Fresh off of taking the series from Pitt, Maryland tried to go for the sweep. Today’s match-up pitted Jake Drossner (4 - 1, 2.42 ERA) vs. RHP Matt Wotherspoon (5 – 5, 4.93 ERA).
Both teams stymied through three
The Terps had runners in scoring position with two outs in the first and second innings, but couldn’t bring either home.
With one out in the bottom of the second Drossner ran into trouble. He issued eight straight balls to put men on first and second. However he got Caleb Parry to ground a 2 – 1 pitch right back at the mound for a 1 – 6 – 3 double play.
Kevin Martir led off the top of the third with a solid single to left. Charlie White sacrificed Martir to second. LaMonte Wade skied out to left for the second out. It seemed that Wotherspoon pitched very carefully to Brandon Lowe, eventually issuing a walk. Cuas also got a base on balls. Wotherspoon ran the count full on Blake Schmit, then got Schmit to hit a grounder to second. The Terps had now had runners in scoring position in the first three innings, but nothing on the board to show for it.
Even though Drossner was falling behind hitters, he had shut down the Panthers through three, allowing just one single.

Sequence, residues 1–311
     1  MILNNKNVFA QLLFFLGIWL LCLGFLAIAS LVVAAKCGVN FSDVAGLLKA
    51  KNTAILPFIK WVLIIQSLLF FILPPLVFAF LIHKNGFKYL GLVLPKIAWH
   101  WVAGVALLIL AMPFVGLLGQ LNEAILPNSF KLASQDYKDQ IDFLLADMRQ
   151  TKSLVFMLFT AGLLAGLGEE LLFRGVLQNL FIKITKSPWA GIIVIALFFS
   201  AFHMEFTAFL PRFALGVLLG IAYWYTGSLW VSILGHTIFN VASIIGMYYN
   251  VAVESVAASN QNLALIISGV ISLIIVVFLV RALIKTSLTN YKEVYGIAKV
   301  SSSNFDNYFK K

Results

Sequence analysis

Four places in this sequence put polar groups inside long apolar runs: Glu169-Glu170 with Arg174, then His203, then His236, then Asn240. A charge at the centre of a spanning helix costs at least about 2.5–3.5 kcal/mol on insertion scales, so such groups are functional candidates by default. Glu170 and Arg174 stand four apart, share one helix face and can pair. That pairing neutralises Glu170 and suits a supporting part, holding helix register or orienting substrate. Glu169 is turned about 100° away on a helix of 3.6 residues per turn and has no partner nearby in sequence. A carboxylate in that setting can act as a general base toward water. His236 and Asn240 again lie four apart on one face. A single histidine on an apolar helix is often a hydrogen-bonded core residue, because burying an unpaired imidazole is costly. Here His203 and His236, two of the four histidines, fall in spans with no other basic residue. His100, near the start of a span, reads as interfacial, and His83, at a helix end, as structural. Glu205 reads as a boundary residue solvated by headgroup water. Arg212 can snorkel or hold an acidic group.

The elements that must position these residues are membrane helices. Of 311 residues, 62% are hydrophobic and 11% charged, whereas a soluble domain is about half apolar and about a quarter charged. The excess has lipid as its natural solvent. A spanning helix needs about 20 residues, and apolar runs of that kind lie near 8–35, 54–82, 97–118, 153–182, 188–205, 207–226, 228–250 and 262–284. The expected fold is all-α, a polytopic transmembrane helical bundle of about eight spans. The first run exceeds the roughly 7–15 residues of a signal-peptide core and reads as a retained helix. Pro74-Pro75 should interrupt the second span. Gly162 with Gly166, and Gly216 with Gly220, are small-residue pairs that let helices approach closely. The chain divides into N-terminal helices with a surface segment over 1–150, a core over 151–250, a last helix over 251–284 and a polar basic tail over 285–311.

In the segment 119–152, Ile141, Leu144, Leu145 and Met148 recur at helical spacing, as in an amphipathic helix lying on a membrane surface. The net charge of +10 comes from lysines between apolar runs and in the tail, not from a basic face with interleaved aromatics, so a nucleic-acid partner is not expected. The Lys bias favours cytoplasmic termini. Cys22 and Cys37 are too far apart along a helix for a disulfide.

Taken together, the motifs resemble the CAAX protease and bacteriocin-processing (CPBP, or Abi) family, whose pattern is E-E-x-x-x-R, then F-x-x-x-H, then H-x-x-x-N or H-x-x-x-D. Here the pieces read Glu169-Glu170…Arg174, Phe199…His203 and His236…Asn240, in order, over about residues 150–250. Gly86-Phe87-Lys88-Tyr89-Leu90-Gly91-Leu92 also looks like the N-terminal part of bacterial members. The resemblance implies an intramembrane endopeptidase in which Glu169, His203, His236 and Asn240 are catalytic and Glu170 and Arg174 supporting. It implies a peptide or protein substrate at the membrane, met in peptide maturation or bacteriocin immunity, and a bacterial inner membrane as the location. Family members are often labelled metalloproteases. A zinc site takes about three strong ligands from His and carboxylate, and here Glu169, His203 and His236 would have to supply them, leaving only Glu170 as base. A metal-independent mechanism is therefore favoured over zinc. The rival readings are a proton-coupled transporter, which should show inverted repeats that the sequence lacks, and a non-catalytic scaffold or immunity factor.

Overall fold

Terps hit three doubles to take a two-run lead
Tim Lewis began the Maryland fourth with a double to left-center field. Anthony Papio flied out to right, allowing Lewis to take third. Nick Cieri hit a grounder to first that scored Lewis. With two outs Martir got his second hit of the day, a double down the left field line. White followed that up with a hard shot just past the second baseman’s dive; the ball hugged the ground and White turned it into a double. The Terps led 2 – 0.
With the Terps on top, Drossner had his best inning, retiring the side in order and getting his first K.
After one was way in the top of the fifth, Jose Cuas was struck on the helmet by a Wotherspoon pitch. Somehow Cuas shook it off and stayed in the game.
Drossner retired the side in order in the bottom of the fifth. He had gotten 10 straight outs and looked firmly in control.
Lewis began the Terrapin sixth by singling to right. Papio hit a high chopper to the second baseman, whose only play was to first. Cieri flied out to left. Martir came to the plate, having gone 2 for 2 so far today. But this time Wotherspoon got Martir to fly out to center.
Panthers threaten, and then finally break through
There was one out in the bottom of the sixth when Stephen Vranka singled up the middle. It was his, as well as Pitt’s second hit today. A. J. Lardo walked and the Panthers had the tying run on base. That was Drossner’s last batter, as Bobby Ruse came in to try to put out the fire. Drossner’s line: 5.1 innings, no runs, two hits, three walks, and two strike outs. Casey Roche hit a high chop that Schmit snared and stepped on second, barely getting the runner. Boo Vazquez then flied out to end the inning.